Burningham, H. and Knight, J. 2020. Biological zonation and bedrock strength on a high energy granite shore platform. In: Malvárez, G. and Navas, F. (eds.), Global Coastal Issues of 2020. Journal of Coastal Research, Special Issue No. 95, pp. 23-28. Coconut Creek (Florida), ISSN 0749-0208.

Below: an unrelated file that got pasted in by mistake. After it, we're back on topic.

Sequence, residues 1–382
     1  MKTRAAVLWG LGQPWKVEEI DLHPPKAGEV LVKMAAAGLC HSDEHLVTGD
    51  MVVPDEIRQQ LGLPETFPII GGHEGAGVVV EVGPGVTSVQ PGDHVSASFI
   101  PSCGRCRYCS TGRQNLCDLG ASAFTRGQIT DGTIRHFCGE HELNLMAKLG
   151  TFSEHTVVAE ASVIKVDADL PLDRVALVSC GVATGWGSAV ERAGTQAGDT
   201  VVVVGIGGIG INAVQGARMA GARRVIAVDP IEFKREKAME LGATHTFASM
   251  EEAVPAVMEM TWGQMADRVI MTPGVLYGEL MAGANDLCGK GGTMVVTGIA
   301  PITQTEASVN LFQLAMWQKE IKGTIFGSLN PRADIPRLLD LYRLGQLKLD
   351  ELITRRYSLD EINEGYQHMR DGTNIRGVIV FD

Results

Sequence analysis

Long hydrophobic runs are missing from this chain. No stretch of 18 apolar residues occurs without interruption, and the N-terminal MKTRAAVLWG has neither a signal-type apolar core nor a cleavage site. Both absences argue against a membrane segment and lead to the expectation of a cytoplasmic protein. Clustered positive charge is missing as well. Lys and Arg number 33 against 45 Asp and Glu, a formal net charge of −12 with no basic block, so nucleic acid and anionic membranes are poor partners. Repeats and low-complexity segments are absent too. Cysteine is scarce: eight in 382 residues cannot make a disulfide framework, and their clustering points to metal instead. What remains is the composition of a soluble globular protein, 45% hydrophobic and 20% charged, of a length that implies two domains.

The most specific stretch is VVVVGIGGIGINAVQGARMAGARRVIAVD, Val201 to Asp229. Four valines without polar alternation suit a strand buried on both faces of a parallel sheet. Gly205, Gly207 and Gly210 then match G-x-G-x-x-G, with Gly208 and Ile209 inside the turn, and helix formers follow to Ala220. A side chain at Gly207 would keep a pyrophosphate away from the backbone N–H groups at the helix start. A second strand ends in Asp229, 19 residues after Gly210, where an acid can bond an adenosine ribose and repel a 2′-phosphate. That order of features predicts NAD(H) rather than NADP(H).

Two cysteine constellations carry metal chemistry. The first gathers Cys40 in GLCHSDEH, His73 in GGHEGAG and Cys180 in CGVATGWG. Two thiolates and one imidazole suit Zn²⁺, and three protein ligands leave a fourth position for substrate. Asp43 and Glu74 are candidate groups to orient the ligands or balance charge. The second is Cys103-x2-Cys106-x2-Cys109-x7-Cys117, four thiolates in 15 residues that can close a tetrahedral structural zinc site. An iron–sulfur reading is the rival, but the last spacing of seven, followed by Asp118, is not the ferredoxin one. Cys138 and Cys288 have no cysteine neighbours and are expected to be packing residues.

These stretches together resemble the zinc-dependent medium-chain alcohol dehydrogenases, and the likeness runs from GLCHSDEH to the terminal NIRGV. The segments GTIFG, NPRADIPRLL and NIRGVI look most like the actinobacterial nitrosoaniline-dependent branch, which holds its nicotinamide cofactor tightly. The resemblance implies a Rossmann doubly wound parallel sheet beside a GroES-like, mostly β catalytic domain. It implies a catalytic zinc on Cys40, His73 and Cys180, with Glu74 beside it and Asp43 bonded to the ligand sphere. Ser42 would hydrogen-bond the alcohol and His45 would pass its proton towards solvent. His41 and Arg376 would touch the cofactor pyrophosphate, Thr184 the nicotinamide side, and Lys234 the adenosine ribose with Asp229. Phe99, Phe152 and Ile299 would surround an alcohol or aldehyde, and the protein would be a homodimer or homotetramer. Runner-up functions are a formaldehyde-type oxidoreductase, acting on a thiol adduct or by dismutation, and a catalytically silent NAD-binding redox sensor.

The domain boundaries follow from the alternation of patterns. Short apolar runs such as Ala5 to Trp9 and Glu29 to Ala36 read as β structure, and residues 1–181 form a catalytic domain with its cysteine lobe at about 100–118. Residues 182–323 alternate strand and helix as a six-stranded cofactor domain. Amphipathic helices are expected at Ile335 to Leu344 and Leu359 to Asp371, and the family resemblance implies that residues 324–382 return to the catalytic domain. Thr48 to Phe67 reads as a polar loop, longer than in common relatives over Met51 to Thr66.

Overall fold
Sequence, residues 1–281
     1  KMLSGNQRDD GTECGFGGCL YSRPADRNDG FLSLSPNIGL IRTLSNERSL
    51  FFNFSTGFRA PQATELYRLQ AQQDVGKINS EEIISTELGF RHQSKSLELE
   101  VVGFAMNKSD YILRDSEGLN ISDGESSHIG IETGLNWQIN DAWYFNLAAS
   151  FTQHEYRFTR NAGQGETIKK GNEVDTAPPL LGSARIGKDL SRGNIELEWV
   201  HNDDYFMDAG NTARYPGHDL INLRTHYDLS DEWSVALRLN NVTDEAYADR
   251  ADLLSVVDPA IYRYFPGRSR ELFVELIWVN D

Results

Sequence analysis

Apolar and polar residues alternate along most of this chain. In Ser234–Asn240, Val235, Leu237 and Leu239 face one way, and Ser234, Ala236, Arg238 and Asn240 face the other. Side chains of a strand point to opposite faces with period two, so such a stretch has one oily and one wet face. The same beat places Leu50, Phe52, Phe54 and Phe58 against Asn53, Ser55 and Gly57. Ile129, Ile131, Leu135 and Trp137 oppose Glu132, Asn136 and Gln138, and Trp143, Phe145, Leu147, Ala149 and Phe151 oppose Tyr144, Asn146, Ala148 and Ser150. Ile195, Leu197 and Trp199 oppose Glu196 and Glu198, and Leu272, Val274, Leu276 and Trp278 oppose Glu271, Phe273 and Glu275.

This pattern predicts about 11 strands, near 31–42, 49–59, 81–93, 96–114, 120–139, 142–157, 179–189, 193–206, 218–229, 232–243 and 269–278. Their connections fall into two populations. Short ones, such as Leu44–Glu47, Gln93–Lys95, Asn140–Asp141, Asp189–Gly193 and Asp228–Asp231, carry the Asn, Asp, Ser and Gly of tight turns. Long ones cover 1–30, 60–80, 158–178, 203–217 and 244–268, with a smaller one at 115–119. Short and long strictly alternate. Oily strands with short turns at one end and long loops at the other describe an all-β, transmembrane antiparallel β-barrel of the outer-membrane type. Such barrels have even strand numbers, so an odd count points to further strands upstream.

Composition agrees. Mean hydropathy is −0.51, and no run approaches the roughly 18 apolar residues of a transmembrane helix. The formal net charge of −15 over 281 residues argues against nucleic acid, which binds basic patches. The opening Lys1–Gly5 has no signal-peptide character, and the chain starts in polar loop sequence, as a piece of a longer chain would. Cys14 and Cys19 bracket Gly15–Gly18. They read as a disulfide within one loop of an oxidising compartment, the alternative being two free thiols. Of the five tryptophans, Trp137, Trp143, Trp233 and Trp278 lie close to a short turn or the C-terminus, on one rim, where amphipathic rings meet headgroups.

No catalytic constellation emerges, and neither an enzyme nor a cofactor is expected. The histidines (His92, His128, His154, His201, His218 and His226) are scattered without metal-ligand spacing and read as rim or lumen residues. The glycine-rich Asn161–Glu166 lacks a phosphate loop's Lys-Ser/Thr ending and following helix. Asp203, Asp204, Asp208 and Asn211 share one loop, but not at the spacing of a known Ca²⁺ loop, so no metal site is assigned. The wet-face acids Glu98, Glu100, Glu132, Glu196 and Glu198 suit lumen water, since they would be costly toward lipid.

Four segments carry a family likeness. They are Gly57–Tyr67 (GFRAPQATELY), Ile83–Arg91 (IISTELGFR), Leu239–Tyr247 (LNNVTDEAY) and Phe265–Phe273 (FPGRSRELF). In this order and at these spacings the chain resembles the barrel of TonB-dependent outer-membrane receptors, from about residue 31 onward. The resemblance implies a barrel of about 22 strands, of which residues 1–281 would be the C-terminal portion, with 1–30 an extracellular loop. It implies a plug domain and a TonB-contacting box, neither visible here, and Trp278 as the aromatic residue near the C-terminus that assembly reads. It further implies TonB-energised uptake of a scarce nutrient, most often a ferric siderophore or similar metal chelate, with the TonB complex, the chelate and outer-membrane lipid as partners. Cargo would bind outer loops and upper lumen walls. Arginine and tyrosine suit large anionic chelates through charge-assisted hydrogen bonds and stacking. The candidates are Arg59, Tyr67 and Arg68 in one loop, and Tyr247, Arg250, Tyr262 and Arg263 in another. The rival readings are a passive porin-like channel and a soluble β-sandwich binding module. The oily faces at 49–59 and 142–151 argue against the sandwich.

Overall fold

Many studies have shown that downwearing of rock shore platforms results from interactions between biological and geomorphological processes, but the relative roles of biological, lithological and external (wave hydraulic action) in shaping rock shore platforms have not been examined in detail. This is important, however, because surface organisms can both increase and decrease rates of platform downwearing by biological weathering and bioprotection, respectively. This study presents biological and geomorphological results from a high energy shoreline in northwest Ireland. Here, the 50-100 m wide granite shore platform has a slope of ∼1:6 and extends from 7-9 m above the level of mean high water springs to ∼2 m below mean low water. Organisms attached to the bedrock surface were surveyed by the quadrat method along two shore-normal topographic transects. At each quadrat site, bedrock hardness was measured using an Equotip instrument. Results show clear ecological zonation that can be directly related to the tidal frame. There is very little evidence for cross-shore changes in bedrock hardness. Elevation is the most significant driving factor for the presence of different species, but bedrock hardness is only associated with the abundance of specific species such as barnacles, demonstrating complexity in biogeomorphological relationships at local scales.

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